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January 20, 2010 > A community icon battles corporate arrogance

A community icon battles corporate arrogance

Don Signer sits in a sales office that was once busy selling automobiles to a loyal local clientele. Now the phone rings and he explains over and over again that his business has closed... not by choice but as the as the result of General Motors terminating his dealer agreement in 2009 along with 1350 other dealers. As GM's recent action followed years of struggle between Don and the corporate giant, the rise and ultimate demise of Signer Buick-Cadillac is a unique twist to the fate of many other automobile dealerships in the United States as economic woes unraveled GM, one of the country's bastions of free enterprise.

Opening a dealership in the Tri-City area was the extension of a family tradition for Signer. As a young man, he remembers his father, a factory man with Pontiac, decided to buy a dealership in Oregon. Moving was nothing new to the young high school sophomore. Born in Portland, Oregon, Don's family had moved between Spokane, Seattle and the Bay Area and now back to Oregon. The untimely death of Don's father forced his mother to step into a management role of the Buick-Cadillac-GMC dealership in anticipation of Don's college graduation. "I became sales manager a week after graduation knowing very little about it," said Don. He learned quickly and remained at the dealership until 1980.

Buick recognized the acumen of the young entrepreneur and in October, 1979 named him as the exclusive operator of proposed dealership in Fremont. In partnership, the two young men opened the Buick dealership in a new facility in November, 1980. Within fifteen months, Don was able to buy out his partner and assume complete ownership of the dealership. He remembers, "We ascended pretty rapidly; we were among the leaders of the Bay Area."

In the late 1980's, the concept of an Auto Mall began to take shape for Southern Fremont. Catellus Corporation, an offshoot of landowner Southern Pacific Railroad, sought rezoning and accommodation of host of automobile dealerships. While actively participating in the Auto Mall formation, Don sought Fremont's first Cadillac franchise, which he acquired in June, 1990, with agreement to GM's Fremont Auto Mall relocation requirement. A goal to represent Cadillac had been achieved and he was "where I wanted to be." In 1991, he purchased DiGiulio Pontiac-GMC with plans to relocate it to the Auto Mall as well, but Pontiac disapproved and stopped the purchase. It is at this point that the relationship between GM and Signer began to unravel.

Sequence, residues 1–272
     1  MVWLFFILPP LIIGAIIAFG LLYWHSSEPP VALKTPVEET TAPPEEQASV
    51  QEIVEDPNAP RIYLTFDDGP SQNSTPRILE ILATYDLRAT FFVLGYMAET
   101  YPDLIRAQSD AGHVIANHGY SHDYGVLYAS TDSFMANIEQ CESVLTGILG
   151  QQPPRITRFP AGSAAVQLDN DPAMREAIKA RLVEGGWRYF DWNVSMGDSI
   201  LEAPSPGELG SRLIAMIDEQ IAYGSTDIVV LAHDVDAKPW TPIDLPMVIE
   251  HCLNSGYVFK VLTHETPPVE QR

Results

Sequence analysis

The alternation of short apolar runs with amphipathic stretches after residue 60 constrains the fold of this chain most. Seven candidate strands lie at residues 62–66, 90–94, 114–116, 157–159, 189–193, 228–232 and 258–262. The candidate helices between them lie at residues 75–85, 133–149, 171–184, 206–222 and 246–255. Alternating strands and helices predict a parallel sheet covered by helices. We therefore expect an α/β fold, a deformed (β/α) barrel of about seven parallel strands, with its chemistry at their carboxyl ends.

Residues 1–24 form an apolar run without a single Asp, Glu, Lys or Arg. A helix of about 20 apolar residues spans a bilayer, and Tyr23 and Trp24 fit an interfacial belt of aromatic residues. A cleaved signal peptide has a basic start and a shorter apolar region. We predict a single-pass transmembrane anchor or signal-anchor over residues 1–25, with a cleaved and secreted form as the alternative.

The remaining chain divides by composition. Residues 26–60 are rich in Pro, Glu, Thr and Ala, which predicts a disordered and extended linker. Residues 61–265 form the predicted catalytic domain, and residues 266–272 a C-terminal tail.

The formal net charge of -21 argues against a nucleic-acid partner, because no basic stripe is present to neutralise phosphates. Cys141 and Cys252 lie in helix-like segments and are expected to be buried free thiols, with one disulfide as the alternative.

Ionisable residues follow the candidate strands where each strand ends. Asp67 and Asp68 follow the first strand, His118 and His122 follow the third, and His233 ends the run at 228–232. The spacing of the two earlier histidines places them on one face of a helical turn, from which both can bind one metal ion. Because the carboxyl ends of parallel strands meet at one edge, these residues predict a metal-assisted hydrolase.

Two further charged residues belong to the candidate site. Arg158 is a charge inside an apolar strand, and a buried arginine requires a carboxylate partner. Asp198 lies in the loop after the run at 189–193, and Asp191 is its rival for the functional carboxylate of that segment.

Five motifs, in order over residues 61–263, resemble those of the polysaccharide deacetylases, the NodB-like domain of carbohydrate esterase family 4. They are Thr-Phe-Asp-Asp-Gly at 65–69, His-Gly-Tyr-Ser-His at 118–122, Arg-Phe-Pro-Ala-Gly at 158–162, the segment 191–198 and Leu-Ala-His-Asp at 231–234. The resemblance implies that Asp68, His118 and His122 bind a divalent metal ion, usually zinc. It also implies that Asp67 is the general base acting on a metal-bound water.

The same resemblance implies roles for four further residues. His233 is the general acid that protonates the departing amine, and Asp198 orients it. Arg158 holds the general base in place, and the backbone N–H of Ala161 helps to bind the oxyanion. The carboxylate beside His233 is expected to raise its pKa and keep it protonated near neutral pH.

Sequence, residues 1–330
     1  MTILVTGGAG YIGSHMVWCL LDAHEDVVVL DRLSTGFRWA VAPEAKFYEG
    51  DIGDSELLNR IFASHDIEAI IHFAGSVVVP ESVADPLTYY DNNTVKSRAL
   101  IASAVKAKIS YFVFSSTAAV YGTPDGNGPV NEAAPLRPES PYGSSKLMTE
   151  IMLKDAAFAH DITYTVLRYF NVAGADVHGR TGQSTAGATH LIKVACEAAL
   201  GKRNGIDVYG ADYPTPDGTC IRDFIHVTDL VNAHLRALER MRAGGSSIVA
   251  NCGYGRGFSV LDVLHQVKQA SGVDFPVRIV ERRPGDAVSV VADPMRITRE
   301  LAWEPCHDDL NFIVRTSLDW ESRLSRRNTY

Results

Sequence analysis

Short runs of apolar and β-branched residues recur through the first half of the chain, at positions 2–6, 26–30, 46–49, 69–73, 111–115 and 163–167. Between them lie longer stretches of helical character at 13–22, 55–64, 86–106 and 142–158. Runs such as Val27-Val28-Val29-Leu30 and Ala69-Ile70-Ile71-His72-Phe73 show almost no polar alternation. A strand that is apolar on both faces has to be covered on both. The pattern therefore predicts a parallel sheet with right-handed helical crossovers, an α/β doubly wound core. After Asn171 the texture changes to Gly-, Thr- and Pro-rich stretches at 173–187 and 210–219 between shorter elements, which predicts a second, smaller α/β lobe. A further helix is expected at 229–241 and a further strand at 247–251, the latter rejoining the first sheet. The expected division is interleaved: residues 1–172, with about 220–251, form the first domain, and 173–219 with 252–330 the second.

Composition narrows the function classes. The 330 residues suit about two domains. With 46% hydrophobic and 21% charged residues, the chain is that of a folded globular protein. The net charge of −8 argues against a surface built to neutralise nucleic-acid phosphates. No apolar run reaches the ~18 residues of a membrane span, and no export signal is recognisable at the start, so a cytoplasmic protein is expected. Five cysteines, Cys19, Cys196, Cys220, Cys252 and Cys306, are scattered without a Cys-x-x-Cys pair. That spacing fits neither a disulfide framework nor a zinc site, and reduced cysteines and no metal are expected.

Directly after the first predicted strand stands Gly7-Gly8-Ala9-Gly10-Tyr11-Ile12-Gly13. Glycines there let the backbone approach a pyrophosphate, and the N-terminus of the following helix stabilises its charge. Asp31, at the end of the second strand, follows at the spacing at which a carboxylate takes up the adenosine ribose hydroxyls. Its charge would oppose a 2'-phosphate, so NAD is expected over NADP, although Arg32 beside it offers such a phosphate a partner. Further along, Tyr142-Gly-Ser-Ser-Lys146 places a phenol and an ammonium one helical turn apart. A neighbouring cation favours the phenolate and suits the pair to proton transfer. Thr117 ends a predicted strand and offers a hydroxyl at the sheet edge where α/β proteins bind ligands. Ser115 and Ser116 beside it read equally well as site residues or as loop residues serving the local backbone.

In 1992, GM began to promote its chosen site on Balentine Drive in Newark to Don. Pontiac-Olds-GMC had committed to move next to Fremont Ford, but Don had moved forward with plans to relocate to the Fremont Auto Mall although it was slow to form due to the dismal economy. Finally Don succumbed to GM pressure to move Signer Buick-Cadillac to Newark. His commitment to quality and the community were rewarded by loyal patronage from the Tri-City area and many surrounding Bay Area communities.

On the surface, all appeared well as Signer Buick-Cadillac continued its tradition of excellence in sales and service of its automobiles. Below this calm exterior, however, lay another story that could be used as a plot for a best-selling mystery/suspense novel. In a continuation of the Signer story, a different view of GM's use and control of dealerships emerges.

Note:
Part II of this article will be published in a following edition of TCV. Additional information can be found at www.donsigner.com.

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